- If at the end of the year it turns out that you’ve made contributions using the wrong tier, simply notify primary care support services who will either reimburse you, or ask you to pay them the difference.
Getting it done
- Work performed more than ten weeks ago cannot be pensioned.
- Payment needs to be received by primary care support services by the 7th day of the following month the seventh day of the following calendar month. For example, a January Locum B form is for income received in January, and needs to be received by NHS pensions by the 7th of February.
- If you send your paperwork by email, that will count as your receipt
- In England, you can Pay by cheque, or phone 0333 014 2884 for the sortcode and account number to pay by BACS. If using BACS, you can email the forms, or post to Primary Care Support England, PO Box 350, Darlington, DL1 9QN In Wales you can at the moment only pay by cheque, payable and sent to your LHB.
NASGP’s LocumDeck automatically generates all your Locum B forms and keeps a really helpful accountant-friendly summary in your personalised online bookkeeping area.
From December 2017, all Locum A and B forms must be submitted either by an online form or by post.
- Pay by Bacs (See sortcode and account number).
- Submit electronically via the PCSE contacts page.
- Select "Type of enquiry" = GP pensions
- "GMC code" = your GMC number (leave "Practice code" blank)
- "BACS reference code" = Unique Identifying reference
- Ensure that all your pension forms include the new unique identifying reference based on your SD number. If your paperwork does not contain this reference, your pension payment will not be processed.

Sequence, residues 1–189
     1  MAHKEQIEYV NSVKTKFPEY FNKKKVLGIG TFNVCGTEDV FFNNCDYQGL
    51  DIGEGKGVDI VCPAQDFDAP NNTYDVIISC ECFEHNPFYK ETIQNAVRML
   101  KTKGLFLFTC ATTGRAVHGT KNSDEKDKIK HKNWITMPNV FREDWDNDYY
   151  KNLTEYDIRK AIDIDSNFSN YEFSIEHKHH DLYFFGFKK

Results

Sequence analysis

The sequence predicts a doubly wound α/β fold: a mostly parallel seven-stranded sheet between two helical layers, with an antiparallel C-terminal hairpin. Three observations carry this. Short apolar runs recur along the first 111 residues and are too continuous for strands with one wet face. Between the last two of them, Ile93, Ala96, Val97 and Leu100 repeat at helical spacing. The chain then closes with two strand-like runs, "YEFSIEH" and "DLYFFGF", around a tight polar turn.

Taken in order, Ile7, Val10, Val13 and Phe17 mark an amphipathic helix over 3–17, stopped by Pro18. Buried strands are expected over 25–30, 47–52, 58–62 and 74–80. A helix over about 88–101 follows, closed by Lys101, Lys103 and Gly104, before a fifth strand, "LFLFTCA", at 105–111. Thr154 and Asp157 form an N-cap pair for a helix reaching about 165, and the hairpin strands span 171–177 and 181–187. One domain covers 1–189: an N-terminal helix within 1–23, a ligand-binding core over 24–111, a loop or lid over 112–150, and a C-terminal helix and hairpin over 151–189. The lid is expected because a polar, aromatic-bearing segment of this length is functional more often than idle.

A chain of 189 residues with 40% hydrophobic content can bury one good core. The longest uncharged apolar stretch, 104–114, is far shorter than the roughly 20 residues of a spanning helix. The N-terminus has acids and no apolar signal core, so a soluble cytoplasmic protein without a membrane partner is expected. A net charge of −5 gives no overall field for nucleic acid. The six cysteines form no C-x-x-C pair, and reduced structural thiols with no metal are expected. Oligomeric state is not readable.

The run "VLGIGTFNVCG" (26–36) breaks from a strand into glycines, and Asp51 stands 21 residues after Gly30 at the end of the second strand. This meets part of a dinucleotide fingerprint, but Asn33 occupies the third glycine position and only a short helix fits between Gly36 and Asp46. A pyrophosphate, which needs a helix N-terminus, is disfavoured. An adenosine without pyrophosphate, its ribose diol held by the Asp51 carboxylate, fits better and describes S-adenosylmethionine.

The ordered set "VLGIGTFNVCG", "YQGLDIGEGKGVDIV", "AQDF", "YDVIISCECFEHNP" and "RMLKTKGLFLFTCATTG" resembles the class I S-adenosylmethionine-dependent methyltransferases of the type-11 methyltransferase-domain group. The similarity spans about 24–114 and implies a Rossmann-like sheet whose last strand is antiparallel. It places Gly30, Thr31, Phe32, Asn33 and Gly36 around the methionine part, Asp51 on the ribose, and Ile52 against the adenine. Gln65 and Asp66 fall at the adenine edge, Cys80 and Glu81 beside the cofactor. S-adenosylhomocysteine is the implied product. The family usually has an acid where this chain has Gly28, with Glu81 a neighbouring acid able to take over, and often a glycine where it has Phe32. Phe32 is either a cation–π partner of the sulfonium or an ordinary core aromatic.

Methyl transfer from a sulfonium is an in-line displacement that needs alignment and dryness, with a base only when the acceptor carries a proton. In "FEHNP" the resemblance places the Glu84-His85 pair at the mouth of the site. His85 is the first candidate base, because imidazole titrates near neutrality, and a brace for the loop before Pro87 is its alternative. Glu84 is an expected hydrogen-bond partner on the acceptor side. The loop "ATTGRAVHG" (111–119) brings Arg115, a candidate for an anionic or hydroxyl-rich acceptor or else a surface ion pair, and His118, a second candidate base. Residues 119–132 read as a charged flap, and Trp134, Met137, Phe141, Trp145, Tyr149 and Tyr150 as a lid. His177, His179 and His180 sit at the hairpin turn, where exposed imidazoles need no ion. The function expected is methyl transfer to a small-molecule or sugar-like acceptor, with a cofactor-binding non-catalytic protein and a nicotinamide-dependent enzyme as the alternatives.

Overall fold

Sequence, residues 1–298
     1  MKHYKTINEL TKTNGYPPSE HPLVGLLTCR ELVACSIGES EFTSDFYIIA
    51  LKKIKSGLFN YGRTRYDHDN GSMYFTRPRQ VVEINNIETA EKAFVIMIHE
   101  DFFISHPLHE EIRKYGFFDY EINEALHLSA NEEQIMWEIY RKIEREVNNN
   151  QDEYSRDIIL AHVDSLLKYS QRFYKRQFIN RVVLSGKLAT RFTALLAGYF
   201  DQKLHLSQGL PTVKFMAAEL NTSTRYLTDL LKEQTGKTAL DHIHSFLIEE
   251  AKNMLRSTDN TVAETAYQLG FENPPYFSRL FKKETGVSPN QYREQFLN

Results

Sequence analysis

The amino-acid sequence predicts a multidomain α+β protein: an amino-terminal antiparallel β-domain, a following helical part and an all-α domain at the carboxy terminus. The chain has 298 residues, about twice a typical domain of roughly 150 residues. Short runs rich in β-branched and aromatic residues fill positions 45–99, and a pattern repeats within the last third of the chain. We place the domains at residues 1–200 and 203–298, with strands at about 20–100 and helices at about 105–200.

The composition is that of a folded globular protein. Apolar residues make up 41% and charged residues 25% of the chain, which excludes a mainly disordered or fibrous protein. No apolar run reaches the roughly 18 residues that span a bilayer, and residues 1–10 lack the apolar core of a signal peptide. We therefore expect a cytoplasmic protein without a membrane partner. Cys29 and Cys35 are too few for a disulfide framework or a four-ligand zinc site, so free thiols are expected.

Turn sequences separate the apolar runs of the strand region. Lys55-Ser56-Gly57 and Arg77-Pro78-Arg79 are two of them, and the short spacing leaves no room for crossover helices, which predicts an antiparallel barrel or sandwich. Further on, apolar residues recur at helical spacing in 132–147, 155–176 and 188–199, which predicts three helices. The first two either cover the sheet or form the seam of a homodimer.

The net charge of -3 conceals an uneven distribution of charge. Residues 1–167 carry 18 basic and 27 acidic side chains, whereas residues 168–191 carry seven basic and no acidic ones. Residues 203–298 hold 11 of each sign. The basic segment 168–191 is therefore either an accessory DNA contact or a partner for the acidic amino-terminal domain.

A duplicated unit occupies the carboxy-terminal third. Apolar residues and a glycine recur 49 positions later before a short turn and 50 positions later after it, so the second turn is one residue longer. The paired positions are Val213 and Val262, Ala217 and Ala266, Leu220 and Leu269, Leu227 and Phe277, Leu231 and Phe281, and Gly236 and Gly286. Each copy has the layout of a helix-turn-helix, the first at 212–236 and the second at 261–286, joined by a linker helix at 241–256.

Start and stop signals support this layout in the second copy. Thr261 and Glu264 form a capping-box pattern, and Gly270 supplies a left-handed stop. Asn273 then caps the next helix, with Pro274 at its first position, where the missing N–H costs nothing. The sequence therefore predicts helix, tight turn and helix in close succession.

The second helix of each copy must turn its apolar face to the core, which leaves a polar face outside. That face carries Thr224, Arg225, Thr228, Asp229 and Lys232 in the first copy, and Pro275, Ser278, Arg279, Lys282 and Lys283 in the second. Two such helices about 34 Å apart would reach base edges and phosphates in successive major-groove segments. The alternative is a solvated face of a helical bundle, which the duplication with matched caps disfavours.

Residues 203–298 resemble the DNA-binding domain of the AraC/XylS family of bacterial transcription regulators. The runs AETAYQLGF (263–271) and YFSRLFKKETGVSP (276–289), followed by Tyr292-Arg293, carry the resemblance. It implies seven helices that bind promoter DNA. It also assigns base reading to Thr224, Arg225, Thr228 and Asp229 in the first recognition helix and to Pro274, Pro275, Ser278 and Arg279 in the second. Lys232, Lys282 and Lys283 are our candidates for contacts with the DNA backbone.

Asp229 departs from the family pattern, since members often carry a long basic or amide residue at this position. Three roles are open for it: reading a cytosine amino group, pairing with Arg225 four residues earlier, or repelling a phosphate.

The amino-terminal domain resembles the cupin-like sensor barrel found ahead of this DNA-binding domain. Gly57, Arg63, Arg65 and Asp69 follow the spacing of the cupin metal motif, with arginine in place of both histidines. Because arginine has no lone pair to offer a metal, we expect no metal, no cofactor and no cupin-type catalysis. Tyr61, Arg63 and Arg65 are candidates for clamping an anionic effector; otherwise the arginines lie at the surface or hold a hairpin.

- Or send your pension forms by post to Primary Care Support England, PO Box 350, Darlington, DL1 9QN.
Mark the envelope ‘Locum payments’.
- Even without an NHS email address, you can still pay by BACS - just remember to add that unique identifying reference to your BACS payment and post the forms on time!
- The bank account details you require can be obtained by calling PCSE on 0333 014 2884.
Send your completed forms and payment to your relevant Local Health Board. GP-one Wales maintains a partial list of the 7 Health Boards with their pension contacts for GP locums.
Send your completed forms and cheque to NHS National Services Scotland to the Practitioner Services Office of your host Health Board.
In Northern Ireland
- Send your completed forms and cheque to HSC Pension Service.
- Email contact for locum pension enquiries is firstname.lastname@example.org